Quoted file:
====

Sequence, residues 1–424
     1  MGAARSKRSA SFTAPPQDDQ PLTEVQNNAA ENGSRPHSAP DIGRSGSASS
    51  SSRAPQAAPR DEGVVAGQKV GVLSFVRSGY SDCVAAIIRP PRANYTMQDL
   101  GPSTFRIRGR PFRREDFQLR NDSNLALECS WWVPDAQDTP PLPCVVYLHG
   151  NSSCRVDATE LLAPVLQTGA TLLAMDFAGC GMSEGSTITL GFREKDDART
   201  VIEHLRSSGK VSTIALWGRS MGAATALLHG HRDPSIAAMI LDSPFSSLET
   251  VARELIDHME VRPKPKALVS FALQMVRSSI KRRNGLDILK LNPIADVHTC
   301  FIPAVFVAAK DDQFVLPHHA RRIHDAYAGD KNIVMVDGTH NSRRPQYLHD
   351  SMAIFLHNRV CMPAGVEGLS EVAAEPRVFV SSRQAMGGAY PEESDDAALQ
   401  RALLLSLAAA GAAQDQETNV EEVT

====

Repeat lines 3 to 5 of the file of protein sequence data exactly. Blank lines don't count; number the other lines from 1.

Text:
    51  SSRAPQAAPR DEGVVAGQKV GVLSFVRSGY SDCVAAIIRP PRANYTMQDL
   101  GPSTFRIRGR PFRREDFQLR NDSNLALECS WWVPDAQDTP PLPCVVYLHG
   151  NSSCRVDATE LLAPVLQTGA TLLAMDFAGC GMSEGSTITL GFREKDDART